Department for Innovation and Skills
Boosting Australia’s cybersecurity industry
A group of 10 organisations including universities, large and small companies – including Optus and BAE Systems – and the South Australian Government wanted to create a strong cybersecurity eco-system in South Australia.
South Australia’s Department for Innovation and Skills (DIS) contracted 4th Harmonic to design a commercially sustainable business that would attract and foster cyber industry capability in South Australia, creating a critical mass that would serve Australia’s national interest.
Working with all stakeholders, we designed the Australian Cyber Collaboration Centre (A3C), which has been operating from the Lot 14 innovation precinct in Adelaide since July 2020.
4th Harmonic’s involvement in the project began in May 2019 and culminated in the launch of the project by South Australian Premier Steven Marshall in July 2020.
- In May 2019 we developed an ‘initial concept’ operating model and high-level economic forecasts that considered future cyber-skilling requirements at a national level, the infrastructure required to help start-ups and SMEs bring new products to market, and what relevant sectors needed to minimise their exposure to evolving cyber threats.
- We delivered briefs to industry, academia and South Australian Government investment committees that culminated in a successful Cabinet Submission that secured initial CAPEX & OPEX funding.
- We prepared and delivered work to ensure the A3C was ready to begin operation by 1 July 2020. This included building physical infrastructure, preparing a workforce plan, engaging in business development activities, and helping engage subcontractors and technical specialists.
Mat Hunter of 4th Harmonic led the planning and development phase of the Australian Cyber Collaboration Centre (A3C). This included developing the preliminary A3C business concept, engagement with stakeholders, and management of the program of work to enable the A3C to commence operations on time and within budget. The project benefited from the close engagement between Mat and the Department for Innovation and Skills team and the joint commitment to delivering a successful outcome.– Adam Reid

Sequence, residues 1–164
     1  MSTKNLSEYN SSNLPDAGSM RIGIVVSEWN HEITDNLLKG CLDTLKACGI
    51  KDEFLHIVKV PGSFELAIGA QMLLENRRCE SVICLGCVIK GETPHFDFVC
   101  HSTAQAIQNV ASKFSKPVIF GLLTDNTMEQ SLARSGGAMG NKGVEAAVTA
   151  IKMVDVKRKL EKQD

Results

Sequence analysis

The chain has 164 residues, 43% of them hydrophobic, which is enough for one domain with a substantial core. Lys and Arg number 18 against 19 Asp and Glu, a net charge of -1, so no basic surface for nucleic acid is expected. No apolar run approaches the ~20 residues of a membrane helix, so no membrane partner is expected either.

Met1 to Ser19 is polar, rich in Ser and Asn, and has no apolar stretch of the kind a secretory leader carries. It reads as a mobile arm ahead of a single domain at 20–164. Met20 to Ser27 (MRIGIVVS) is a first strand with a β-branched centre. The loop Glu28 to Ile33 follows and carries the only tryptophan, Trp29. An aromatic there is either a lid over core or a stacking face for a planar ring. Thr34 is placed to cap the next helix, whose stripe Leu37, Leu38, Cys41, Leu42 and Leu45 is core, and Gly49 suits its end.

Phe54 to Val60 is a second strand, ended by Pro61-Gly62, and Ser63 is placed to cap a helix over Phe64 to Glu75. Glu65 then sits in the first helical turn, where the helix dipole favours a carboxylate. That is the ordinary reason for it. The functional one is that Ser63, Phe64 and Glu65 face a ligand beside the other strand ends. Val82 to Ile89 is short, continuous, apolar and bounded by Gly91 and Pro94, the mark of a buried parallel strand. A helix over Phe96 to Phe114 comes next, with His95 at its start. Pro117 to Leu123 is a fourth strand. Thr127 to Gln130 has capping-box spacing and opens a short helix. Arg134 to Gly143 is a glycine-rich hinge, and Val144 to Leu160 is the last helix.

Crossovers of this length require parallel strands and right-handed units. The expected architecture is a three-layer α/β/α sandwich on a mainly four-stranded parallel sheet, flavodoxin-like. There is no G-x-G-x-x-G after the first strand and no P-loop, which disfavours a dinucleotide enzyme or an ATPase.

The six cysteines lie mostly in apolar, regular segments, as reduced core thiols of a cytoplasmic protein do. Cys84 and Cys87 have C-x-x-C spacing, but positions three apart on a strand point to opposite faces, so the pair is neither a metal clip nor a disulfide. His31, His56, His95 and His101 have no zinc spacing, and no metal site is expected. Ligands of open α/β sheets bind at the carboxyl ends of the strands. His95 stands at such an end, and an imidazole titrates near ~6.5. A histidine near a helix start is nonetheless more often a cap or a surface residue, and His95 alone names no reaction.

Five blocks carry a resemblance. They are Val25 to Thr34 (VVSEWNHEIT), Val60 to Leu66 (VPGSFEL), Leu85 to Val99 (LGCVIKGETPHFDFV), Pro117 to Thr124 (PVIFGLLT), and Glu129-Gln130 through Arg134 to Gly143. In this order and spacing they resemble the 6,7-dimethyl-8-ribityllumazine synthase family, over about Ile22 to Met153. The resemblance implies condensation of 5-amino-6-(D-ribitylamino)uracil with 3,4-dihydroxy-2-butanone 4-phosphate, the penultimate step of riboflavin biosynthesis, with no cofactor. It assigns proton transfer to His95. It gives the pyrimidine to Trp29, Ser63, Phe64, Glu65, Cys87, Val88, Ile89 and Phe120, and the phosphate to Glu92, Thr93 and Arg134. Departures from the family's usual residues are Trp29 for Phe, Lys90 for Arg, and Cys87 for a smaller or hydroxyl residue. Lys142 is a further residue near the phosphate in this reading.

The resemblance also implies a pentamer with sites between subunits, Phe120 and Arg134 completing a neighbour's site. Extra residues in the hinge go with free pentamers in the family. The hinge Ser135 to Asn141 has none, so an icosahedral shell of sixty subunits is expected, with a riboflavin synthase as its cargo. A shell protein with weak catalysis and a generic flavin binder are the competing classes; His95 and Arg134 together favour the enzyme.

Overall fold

Enhancing Australian Industry Content
Dräger International is a medical technology firm that was invited by an international defence contractor to offer a system in a tender for a major Australian Defence Force contract.
Dräger had minimal recent experience in supplying the Australia defence industry. It wanted to prepare a competitive proposal that would win it the work and maximise Australian suppliers’ participation in the defence program.
4th Harmonic helped Dräger understand the Australian Industry Content (AIC) requirements within the Australian Standard for Defence Contracting (ASDEFCON) framework and what the prime contractor and other defence organisations would expect from a tier-two equipment manufacturer and system provider.
We also demonstrated how Dräger could add value through technology transfer, industry engagement, developing an effective management and reporting framework, and helping Australian companies access international supply chains.
Our client exceeded the prime contractor’s expectations and is now ready to successfully tender for other defence contracts.
4th Harmonic assisted us to understand Defence’s requirements for classifying Australian Industry Content (AIC) and helped us to prepare a detailed AIC plan including commitments for local industry activity. As an international company operating from Europe at the time we greatly appreciated their commitment and availability, which enabled us to complete our proposal within a very challenging time frame.– Daniel MacGregor
Department of Defence, Science and Technology
Building Australia’s defence capability
The Australian Department of Defence, Science and Technology (DST) engaged us to support the development of technology concepts to enable the Australian Army to operate effectively in the future threat environment.
The project required close engagement with Australian Regular Army staff, achieved through us designing, managing and delivering several workshops involving Army leaders with specialist expertise in a range of fields. Analysis of the results led to the development of technology concepts to enable Army to continue to achieve mission success in the future.